A gunman opened fire on Tuesday night as premier-elect Pauline Marois was giving her victory speech in a club in Montreal. One man was killed and another person was injured in the violence which occurred just outside the club.

However, CTV News Channel's Todd van der Heyden said eyewitness accounts are now suggesting the suspect's gun failed.

"In fact there could have been many more injuries and possibly more fatalities -- the reason for that is that the man had an assault rifle...and we're hearing from witnesses the gun appeared to have jammed after only a few rounds were fired," van der Heyden told CTV’s Canada AM on Thursday.

Richard Henry Bain will appear in a Montreal court later Thursday where he is expected to be formally charged.

Investigators and observers are trying to determine how the suspect managed to get to the door of the club where Marois was speaking, while apparently wearing a bathrobe, balaclava and carrying an assault rifle.

"There are a lot of questions about how he was able to get so close," said van der Heyden, reporting from Montreal.

Details have begun to emerge about the 62-year-old Bain, who was arrested just moments after the shooting at the door to the Metropolis club, which the Parti Quebecois had rented for its victory celebration.

One man was killed in the shooting, while another person was injured. Security personnel rushed Marois off the stage when the violence broke out.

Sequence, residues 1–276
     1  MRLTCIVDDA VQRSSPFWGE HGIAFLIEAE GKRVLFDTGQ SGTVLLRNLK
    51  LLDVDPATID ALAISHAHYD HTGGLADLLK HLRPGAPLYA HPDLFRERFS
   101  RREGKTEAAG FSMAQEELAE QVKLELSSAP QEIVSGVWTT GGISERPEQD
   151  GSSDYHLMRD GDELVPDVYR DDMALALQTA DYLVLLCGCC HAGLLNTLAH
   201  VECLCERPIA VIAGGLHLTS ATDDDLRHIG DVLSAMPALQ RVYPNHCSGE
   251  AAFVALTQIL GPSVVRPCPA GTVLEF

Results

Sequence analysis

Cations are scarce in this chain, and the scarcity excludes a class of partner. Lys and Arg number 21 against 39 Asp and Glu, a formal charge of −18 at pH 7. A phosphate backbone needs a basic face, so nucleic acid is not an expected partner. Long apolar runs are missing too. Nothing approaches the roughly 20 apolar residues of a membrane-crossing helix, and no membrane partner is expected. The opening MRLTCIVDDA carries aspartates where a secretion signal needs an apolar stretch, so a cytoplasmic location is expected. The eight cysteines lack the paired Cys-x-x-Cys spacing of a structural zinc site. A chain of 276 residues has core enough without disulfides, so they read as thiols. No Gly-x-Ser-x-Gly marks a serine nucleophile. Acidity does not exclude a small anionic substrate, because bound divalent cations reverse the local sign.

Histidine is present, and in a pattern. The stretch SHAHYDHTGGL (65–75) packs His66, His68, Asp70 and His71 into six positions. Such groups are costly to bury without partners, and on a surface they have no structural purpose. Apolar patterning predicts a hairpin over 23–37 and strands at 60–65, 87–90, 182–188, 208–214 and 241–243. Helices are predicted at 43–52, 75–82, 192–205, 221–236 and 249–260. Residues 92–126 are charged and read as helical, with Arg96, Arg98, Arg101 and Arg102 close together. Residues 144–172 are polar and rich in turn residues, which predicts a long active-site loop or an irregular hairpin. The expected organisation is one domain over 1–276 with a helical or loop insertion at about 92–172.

Van der Heyden said Bain is the owner of a hunting and fishing camp in the Laurentians, and had recently attempted to expand his business but had run into bureaucratic roadblocks which friends said left him "disgruntled."

"We also know he had mental illness issues and he was apparently seeing a doctor here in Montreal for that," van der Heyden told Canada AM.

Bain moved to the predominantly francophone village of La Conception and registered his business in 2009, although records show it was never properly licensed.

“He was frustrated that his business wasn't taking off,” Nicolas Picq told CTV News.

Officials at La Conception's City Hall said Bain had recently asked the province for permission to take adventurers on hunting expeditions in the area, but the Ministry of Natural Resources said the proposal needed further consideration.

A letter from the ministry requiring Bain to complete an environmental study before his proposal could go any further arrived on Tuesday, the day of the shooting, officials said.

La Conception Mayor Maurice Plouffe said he was surprised by the allegations involving Bain. He described him as a tenacious businessman and a tough guy.

Neighbours said Bain was also kind and generous.

Police said one man was killed and another was injured when gunfire erupted at the Metropolis concert hall on St. Catherine Street in downtown Montreal, where Marois was celebrating her party's victory late Tuesday night.

CTV Montreal reports that Denis Blanchette, believed to be a freelance technician hired to work at the election-night event, died of his injuries.

The second victim, a 27-year-old man, remains in hospital in stable condition.

In the aftermath of the shooting, a man was arrested wearing a blue housecoat and a balaclava, and shouting "The English are waking up" in French, while police led him away.

The suspect has been under evaluation in a Montreal hospital since his arrest.

Police said an assault rifle and a handgun were seized at the scene, and they said Wednesday that Marois was the intended target.

A small fire, believed to be the result of a Molotov cocktail thrown by the suspect, was also quickly extinguished.